Architects, for example, struggle with the transition to BIM for two primary reasons. First, at its core, modeling technology benefits the design process by improving efficiency in areas that account for much of the architect’s design fee under the current compensation system. Thus, a move to BIM requires a sea change in the way architects are rewarded for their services.
Further, while owners and contractors may reap significant benefits from the problems avoided and efficiencies gained through the use of BIM, designers may gain little financial advantage – at least under the existing compensation structure.
Sanders nailed this point in his Architectural Record article in explaining the caution of some design professionals: “It’s challenging to confront the risks inherent in implementing new processes that seem to reward one party for costs and risks incurred by another. Indeed, one might argue that it’s easier and cheaper for our profession to continue to practice using our traditional methods.”
Second, the greatest promise of BIM is in its ability to foster collaboration earlier in the project process, as well as throughout that process. This cuts into the architect’s traditional “territory” while significantly raising the potential for misuse and abuse of the architect’s design – as least as seen through the eyes of architects reticent to share their models with team members further down the traditional project timeline. In an industry known for its litigiousness, this is an understandable source of apprehension.
Engineers, depending on their discipline, may share these concerns or have different reasons for their “BIM-phobia.” Structural engineers may bemoan the lack of interoperability among the various programs, while MEPs complain that the technology isn’t advanced enough in their area of expertise for them to invest the time and money into it. And for civil engineers, the fact that the term is building information modeling often, and understandably, leaves them on the outside looking in.
General contractors and subcontractors have varying levels of familiarity with and fondness for BIM. As it is with architects, BIM can change the way contractors do business. Unlike their designer counterparts, however, BIM presents a clearly positive change for contractors – certainly for exceptional contractors, anyway – as they grow more involved in the design aspects of a project and gain a clearer picture of design intent before investing time and resources into construction.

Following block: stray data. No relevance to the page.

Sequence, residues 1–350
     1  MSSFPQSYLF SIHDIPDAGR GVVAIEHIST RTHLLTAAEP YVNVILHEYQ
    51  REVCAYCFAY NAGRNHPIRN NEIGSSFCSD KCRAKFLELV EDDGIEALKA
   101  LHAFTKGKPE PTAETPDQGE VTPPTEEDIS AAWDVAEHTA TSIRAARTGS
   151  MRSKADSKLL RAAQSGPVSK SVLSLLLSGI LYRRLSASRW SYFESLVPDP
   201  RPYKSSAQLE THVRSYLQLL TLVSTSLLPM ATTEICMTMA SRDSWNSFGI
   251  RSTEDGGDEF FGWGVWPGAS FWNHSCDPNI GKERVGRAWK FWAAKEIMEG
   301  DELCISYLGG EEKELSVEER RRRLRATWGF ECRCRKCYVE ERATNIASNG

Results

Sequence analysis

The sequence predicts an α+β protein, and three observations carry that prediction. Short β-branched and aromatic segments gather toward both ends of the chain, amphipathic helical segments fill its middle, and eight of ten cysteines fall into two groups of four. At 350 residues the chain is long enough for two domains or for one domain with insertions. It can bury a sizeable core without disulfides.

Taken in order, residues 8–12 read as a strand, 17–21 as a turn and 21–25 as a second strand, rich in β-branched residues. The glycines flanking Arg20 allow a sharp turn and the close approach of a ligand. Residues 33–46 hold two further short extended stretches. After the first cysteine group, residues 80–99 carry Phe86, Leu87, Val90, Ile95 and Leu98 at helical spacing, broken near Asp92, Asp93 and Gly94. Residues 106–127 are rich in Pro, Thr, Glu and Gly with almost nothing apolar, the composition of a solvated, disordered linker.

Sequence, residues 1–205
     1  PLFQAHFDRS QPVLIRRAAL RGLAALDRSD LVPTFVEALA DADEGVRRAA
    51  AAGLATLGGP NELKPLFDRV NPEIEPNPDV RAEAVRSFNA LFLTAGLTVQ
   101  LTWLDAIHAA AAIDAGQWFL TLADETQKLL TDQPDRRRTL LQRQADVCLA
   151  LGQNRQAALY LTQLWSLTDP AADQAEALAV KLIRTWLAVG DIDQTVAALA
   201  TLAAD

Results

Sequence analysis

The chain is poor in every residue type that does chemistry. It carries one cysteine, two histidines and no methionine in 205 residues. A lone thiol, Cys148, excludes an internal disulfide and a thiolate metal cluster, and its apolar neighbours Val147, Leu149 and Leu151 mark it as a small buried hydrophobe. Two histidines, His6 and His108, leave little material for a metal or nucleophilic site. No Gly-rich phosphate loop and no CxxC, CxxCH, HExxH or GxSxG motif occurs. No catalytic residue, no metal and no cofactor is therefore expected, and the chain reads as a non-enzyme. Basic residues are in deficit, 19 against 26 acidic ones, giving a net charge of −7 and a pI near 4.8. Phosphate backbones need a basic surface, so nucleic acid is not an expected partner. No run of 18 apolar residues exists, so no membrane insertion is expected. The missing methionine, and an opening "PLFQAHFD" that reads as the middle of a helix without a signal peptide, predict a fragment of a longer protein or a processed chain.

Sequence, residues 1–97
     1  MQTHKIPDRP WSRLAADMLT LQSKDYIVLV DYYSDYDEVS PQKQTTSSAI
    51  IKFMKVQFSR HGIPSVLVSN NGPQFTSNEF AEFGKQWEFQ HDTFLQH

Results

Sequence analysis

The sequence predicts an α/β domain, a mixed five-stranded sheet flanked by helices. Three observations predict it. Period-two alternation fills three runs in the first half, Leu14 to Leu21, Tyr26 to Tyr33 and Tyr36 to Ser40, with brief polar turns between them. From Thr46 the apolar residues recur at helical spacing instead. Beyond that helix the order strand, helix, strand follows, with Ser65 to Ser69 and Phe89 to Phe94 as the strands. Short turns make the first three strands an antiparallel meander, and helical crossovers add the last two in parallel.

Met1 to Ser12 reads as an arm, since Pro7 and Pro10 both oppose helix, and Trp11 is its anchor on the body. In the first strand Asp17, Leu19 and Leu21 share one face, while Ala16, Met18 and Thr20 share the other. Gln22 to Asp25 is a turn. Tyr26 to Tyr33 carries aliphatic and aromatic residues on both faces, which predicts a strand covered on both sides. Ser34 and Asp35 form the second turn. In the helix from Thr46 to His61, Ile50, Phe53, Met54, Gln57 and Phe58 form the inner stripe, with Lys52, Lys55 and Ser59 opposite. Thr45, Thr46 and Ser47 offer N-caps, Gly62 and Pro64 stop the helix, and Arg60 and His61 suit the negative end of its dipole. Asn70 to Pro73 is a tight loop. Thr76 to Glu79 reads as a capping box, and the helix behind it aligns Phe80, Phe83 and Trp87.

In this way, the dilemma not only runs deep into issues related to BIM’s collaborative process and the modeling technology that facilitates it, it spans broadly across the industry. Owners, designers and contractors often battle over how and when to share files (just as they have for years with CAD files, but perhaps with even more trepidation and concern because the technology is that much more advanced and data-rich). Preferred technologies can also create conflict among team members, particularly when interoperability is lacking (i.e., the technologies don’t play well together).
BIM – with its ability to drive greater cooperation and collaboration – offers the industry a new paradigm. But the old hierarchy dies hard. In case you hadn’t heard, new isn’t always synonymous with welcome in the AEC industry.
The publication goes on to explain the basis for the “BIM Dilemma” and offers suggestions and advice for how the industry, and individual firm leaders, can help break the logjam and come to terms with this promising, but controversial technology.
If the topic interests you, go to www.psmj.com for ordering information. — jg